Are you a hard working adult who never found the time to finish your degree? Maybe you had every intention to go to school but work, family, money, or a job got in the way. Putting your degree on hold is a common practice in America, in fact about 2/3 of adults in America never finish their degree.
If you are at a place in your life where you know you need a degree to move up and succeed, there are a few factors that can help you decide which college to attend to finish your degree.
1. Degree programs
Many colleges offer great things: desired location, fancy dorm rooms, tuition discounts, etc. However, if they have limited degree programs, you may just be trading your future for a comfy 4 years of prime real estate. First decide what you are passionate about. Do you enjoy writing? Do you want to serve struggling families looking for housing? Perhaps you want to help businesses establish a better relationship with their employees? Whatever your passion, verify that the school you choose offers a degree that will aid you in your mission. Do not waste your money on a school that will not help you advance in your future endeavors.
2. Credit for prior learning
Many colleges will accept credits that transfer from other colleges. Verify the college you are interested in is regionally accredited or nationally accredited. Nationally sounds better because it usually means a larger area, but typically regionally accredited schools will accepts more credits from state sponsored institutions. Ask your potential college if they accept credit for prior work experience. If you have worked in the business world for 10 years but have no formal education, some schools will give you credit because you may have experience in marketing, accounting, or other topics that you would normally take classes in. If you are a veteran or serving in the military, many schools will count your trade school experience for your military job as credits toward a degree.
3. Financial Aid
All schools cost money, but some may have staff in the financial aid office that can help you save money on tuition. Seek out grants and scholarships for adult students and then compare the financial aid package that each college offers. The college with the cheapest tuition is not always the best. Some private colleges seem costly as first, but due to their generous financial aid awards, students may actually end up paying less in the long run than a traditionally cheaper school.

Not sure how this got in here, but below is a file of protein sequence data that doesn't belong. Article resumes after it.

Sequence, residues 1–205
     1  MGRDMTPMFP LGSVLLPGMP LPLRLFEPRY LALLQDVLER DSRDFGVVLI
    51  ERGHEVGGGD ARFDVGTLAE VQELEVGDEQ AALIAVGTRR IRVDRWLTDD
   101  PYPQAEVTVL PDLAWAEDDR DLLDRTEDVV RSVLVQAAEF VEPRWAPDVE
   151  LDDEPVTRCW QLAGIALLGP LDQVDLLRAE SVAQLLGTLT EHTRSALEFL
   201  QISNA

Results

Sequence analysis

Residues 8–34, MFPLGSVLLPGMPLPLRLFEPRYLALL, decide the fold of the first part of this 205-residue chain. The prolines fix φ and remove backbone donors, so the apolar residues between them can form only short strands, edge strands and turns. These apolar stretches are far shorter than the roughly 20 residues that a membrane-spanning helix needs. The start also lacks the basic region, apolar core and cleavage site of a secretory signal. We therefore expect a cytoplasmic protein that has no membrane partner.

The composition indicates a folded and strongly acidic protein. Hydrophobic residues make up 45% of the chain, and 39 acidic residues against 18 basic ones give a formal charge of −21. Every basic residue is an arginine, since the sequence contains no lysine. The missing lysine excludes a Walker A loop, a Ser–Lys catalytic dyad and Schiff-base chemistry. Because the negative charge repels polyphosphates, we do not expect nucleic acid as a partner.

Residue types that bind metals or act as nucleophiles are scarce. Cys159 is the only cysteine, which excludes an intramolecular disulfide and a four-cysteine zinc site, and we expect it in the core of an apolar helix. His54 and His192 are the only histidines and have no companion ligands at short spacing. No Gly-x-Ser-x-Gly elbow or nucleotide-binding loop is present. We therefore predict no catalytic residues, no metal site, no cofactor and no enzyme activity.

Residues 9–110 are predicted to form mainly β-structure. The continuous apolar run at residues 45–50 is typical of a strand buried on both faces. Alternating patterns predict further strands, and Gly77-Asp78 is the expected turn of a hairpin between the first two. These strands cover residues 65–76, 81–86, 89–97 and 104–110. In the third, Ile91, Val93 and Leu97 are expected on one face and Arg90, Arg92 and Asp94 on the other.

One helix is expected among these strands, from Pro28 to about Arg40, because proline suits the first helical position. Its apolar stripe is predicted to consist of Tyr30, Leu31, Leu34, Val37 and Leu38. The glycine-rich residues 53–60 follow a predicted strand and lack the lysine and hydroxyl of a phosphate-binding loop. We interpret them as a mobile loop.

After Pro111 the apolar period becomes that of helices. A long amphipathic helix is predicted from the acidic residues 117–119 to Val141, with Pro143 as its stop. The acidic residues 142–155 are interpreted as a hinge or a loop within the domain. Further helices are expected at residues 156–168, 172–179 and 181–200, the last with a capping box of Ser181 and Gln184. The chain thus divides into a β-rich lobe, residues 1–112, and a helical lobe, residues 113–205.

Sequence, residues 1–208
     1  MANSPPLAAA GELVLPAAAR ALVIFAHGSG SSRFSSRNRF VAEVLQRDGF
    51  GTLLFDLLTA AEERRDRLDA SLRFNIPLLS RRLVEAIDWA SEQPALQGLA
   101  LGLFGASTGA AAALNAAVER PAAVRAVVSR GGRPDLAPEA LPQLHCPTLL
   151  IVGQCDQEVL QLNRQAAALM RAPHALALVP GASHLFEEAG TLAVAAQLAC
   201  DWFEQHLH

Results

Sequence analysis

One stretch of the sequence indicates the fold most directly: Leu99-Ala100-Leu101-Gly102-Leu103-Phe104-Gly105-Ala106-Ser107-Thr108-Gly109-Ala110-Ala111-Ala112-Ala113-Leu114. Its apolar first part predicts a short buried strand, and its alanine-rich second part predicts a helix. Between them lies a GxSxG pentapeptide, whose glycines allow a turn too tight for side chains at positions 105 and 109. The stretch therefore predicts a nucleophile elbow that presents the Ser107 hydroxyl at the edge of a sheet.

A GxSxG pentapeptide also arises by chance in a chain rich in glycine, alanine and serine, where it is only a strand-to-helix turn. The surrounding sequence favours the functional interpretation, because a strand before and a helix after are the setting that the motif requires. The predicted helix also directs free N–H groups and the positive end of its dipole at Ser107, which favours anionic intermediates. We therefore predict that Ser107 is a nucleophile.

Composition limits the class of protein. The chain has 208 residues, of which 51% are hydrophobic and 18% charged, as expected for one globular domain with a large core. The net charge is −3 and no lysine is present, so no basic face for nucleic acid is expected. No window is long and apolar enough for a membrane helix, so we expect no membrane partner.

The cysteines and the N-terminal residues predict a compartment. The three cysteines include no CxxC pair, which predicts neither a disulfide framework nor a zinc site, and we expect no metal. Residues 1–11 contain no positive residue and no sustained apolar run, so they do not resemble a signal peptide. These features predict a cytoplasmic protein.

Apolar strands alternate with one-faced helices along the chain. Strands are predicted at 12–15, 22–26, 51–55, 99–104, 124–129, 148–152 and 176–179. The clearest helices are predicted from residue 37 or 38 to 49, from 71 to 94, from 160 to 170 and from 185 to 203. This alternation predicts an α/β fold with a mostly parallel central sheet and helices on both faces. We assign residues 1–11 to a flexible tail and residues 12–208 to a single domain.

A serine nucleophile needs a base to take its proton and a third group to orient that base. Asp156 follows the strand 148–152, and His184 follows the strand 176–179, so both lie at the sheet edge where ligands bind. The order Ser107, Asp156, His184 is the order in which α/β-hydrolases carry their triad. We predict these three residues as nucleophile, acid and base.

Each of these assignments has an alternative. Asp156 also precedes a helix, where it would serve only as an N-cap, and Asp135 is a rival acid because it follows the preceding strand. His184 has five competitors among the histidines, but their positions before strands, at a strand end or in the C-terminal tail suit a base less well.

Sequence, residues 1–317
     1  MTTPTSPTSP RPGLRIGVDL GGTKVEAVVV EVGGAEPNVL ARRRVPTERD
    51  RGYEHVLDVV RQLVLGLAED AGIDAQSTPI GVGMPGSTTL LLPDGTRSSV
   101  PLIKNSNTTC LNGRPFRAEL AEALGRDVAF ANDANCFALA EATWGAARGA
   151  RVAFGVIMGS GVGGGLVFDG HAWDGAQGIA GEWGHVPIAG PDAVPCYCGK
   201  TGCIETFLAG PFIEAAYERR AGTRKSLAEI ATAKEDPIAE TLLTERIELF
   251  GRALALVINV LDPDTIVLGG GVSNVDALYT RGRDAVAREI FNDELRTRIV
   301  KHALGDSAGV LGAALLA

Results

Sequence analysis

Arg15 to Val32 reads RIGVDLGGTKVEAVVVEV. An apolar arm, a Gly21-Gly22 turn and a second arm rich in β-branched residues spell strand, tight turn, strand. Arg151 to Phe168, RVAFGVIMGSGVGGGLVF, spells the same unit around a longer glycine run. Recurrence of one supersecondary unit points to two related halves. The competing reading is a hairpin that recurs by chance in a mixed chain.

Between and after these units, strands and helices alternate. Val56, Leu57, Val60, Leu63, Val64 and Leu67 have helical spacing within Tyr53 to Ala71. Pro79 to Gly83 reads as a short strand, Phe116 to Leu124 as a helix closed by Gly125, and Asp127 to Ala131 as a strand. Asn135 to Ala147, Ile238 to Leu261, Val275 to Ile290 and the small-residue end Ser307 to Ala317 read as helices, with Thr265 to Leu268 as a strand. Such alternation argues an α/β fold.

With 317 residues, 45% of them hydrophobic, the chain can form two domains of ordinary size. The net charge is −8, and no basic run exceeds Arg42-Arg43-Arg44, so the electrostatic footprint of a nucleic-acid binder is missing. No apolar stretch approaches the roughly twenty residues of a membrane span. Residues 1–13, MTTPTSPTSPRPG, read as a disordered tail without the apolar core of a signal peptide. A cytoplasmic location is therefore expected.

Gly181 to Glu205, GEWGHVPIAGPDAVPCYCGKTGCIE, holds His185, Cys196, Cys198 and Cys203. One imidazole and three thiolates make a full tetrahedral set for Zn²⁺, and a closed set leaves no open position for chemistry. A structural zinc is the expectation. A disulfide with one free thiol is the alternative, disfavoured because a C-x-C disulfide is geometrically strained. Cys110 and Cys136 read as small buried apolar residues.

4. College Reputation
Research your college extensively before you enroll in classes. Many schools sound good or have flashy brochures and websites to entice you, but end up falling short in quality. Look up statistics like graduation rates, alumni employment trends, crime rates, etc. A school with a fun party scene may seem great at first, but if you can’t get a job after then you have wasted your time and money. Also find out the college’s mission, goals, and values. Do those values align with our own values? Take a tour of the campus and speak to other students. Are those students happy with the school or do they only provide negative feedback. Current students often present red flags in casual conversations.
5. Faculty Experience
Once you decide on a degree program, you should research the faculty members who will be teaching you. Are they graduate students fresh out of school? Do they have some experience under their belt both academically and in the field they teach? Choose a school with professors who are subject matter experts. Many professors continue to work in a specific industry so they can stay up to date with current trends. Browse their professional biographies on the school website or look them up on LinkedIn.
6. Completion Time
Verify with a school admissions counselor how long it will take to complete your degree. An undergraduate degree may take a longer time than a graduate degree due to credit requirements. Does the school offer only fall and spring classes? Or can you also take classes during the summer months? Some schools offer accelerated programs so you can finish your degree in a significantly shorter time. Depending on your home/work/life situation a faster or slower schedule may influence your choice of colleges.
7. Class Format
Most adults who decide to finish their degree don’t always have the option to sit in class for 8 hours a day for 5 days a week like a traditional student who just graduated high school. Bills require us to work so we can put a roof over our heads. Check to see if your school has a class format suited for working adults. Some schools offer classes 1 evening a week in a 4-hour time slot. Other schools allow you to complete a degree completely online or in a blended format on campus. This is helpful if you have to travel for work or move to a different state in the future.
Always trust in God when you are making a decision that will affect you for years to come. Pray, talk to family, and ask honest questions so you can be sure you are going down the path that God has in store for you. Let Him lead you and rely on Him to show you the way.